24. Stipa semibarbata: R. Brown.—A grass to be found almost every-where throughout South-east Australia and Tasmania. The paper from this grass is very substantial, though not so strong as that of the preceding kind. On these two grasses only experiments were made to demonstrate page 33 their adaptability for the purpose in view. There are several other stipæ and besides grasses of other genera, which may finally be introduced with these into factories.

25. Xanthorrhæa minor: R. Brown.—This stemless liliaceous plant, of the particular genus which produces the different grass-trees of Australia, extends on temporarily inundated flats with heathy subsoil almost uninterruptedly over very many square miles of country in the Western Port district, Gippsland, and other Victorian localities; there are occasionally lines of from thirty to fifty miles' extent hardly interrupted by any other vegetation. The broad rigid tufts approach each other to the exclusion or gradual suffocation of most other plants of the spot. The harsh foliage, under such circumstances locally available in unlimited quantities, is shown to be easily converted into an excellent printing and also good writing paper; the percentage of pulp is large. This experiment teaches us also, that the wiry leaves of the different grass-trees may all be collected for paper mills, because all have a similar tissue. Thus an ample new resource is opened, especially for West Australia, where various Xantliorrhæa abound, and are vernacularly passing by the puzzling 'appellation of "Blackboys."

26. Typha augustifolia, Linn.—The Bulrush or Reedmace, identical, as it seems, with the common narrow-leaved species of Britain and many other parts of the globe. The pulp of the weighty foliage is easily to be pressed into good printing, tissue, and an acceptable writing paper. So far as I have been able to ascertain, the plant has previously not received any attention in paper factories.

27. Phormium tenax: Forster.—The New Zealand Flax-Lily. Paper has been placed in the Exhibition from material grown in Victoria. . The readiness with which the large richly fibrous leaves can be turned into pulp for a very substantial paper, entitles the plant not alone to our consideration, but also the fact that it may be permanently established with the greatest ease in any swampy ground. At present the limited supply of the Phormium reared here is only sufficient to serve as tying material in gardens, vineyards, &c. The adaptation of the Phormium for paper-making is not a new one. Mr. Luke Natrads, as early as 1844, exported the New Zealand Flax prepared as raw material for paper, and, I may mention, in the form of square solid lumps, to lessen freight. The subject from that time to the present clay has been one of almost constant discussion, and it is to be hoped that a local mill will ere long utilise so excellent a material. The paper here obtained from Phormium is the strongest of all.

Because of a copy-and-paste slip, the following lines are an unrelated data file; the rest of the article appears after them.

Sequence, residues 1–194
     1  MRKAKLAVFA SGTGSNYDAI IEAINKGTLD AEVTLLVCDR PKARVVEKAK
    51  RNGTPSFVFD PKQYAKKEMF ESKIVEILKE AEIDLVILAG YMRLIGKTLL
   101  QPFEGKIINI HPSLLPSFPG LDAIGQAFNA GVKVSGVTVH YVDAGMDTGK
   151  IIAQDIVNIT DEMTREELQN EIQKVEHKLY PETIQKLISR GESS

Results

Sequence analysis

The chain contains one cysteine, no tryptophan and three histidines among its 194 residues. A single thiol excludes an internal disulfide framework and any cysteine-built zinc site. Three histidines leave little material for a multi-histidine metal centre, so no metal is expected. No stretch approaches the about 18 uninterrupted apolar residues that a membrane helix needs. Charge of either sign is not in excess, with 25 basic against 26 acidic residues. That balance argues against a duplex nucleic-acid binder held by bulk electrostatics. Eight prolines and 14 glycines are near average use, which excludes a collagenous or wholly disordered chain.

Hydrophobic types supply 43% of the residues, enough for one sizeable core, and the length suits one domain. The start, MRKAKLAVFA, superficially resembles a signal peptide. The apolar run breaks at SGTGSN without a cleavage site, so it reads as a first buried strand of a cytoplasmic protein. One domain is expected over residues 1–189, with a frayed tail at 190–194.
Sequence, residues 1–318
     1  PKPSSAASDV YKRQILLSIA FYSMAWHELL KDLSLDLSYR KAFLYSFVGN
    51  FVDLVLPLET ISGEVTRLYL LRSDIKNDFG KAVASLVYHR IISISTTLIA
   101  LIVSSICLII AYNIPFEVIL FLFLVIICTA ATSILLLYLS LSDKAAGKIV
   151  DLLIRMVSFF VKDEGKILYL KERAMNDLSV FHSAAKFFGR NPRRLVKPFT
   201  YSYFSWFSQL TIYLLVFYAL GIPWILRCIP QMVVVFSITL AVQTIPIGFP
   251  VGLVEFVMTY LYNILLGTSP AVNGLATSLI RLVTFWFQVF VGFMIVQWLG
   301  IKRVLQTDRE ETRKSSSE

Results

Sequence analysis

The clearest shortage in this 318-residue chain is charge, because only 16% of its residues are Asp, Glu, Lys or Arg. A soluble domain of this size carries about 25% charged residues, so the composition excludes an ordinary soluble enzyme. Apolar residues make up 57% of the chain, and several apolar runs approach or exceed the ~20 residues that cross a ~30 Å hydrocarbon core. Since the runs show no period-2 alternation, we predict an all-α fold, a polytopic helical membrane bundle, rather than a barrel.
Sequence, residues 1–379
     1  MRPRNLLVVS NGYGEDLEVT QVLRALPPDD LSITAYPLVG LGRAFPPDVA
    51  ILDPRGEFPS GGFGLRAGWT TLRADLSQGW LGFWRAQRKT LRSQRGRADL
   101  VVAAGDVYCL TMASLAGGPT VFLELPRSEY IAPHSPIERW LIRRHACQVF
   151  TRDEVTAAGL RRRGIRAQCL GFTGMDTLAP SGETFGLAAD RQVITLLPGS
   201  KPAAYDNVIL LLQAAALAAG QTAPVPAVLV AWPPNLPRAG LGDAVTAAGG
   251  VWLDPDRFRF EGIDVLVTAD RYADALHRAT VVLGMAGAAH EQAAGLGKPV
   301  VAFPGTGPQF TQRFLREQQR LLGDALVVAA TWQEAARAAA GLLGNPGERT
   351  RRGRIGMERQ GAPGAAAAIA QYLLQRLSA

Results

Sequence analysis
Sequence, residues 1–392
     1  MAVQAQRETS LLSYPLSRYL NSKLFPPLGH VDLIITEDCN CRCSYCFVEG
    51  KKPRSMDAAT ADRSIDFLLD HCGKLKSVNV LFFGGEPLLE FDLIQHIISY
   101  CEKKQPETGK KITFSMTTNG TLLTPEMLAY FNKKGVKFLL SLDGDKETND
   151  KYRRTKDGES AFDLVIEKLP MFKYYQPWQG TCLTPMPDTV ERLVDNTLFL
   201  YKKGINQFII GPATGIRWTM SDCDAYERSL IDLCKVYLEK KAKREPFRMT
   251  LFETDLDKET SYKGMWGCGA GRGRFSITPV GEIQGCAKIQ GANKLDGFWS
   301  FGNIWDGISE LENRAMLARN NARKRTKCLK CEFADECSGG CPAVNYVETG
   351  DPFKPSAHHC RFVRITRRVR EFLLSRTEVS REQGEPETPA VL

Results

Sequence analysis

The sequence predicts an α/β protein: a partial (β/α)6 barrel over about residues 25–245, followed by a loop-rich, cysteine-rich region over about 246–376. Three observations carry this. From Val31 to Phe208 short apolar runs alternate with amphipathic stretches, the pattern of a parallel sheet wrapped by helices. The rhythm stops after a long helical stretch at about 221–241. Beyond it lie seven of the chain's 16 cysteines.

28. Confervaceous Algæ, with Oedogonium and other allied freshwater weeds, cohere into extensive teguments on the bottom of our shallow swamps, when during the summer heat the water evaporates. The paper obtained from these Algæ would serve well, on account of its strength, for packing. At certain times and in certain localities these water weeds can be collected in enormous quantity. The application for the purpose appears to be a new one, and was first suggested by Dr. Greeves.

29. Musa Banksii: Ferd. Mueller.—In the forest glens of north-east Australia. This plant yields a fair paper for almost all purposes, according to the methods employed in reducing the fibre of the leaves and stalks to pulp. It has, on this occasion, merely been chosen to illustrate that all bananas, and thus the Manilla rope plant, and, besides, numerous allied page 34 products of the vegetable world, might, in tropical countries, be utilised for the preparation of coarser paper. The Banksian banana here operated on was grown in Victoria. The bleaching process, however, is not an easy one. Banana leaves yield approximately 40 per cent, of fibre for pulp. The treatment to which these fibres were subjected has been the same as that by which the esparto—or sparta—grass (Lygeum Spartea) is reduced to pulp. They were immersed in a solution of caustic soda, obtained from quicklime and common carbonate of soda, varying in strength according to the requirement of the fibre, but always inexpensive. In operating on Victorian raw fibres, it may be of advantage to know that the Mediterranean esparto, which contains about 56 per cent, ligneous fibre, needs application of a caustic liquid, prepared from one-eighth of soda in proportion to the grass. The process of boiling is extended over six or eight hours, whereby oil, albumen, resin, gum, and starch are abstracted. As substitutes for rags, all the materials indicated here deserve preference over many of the articles elsewhere tried or employed. Thus ferns yield generally only from 20 to 25 per cent, of pulp.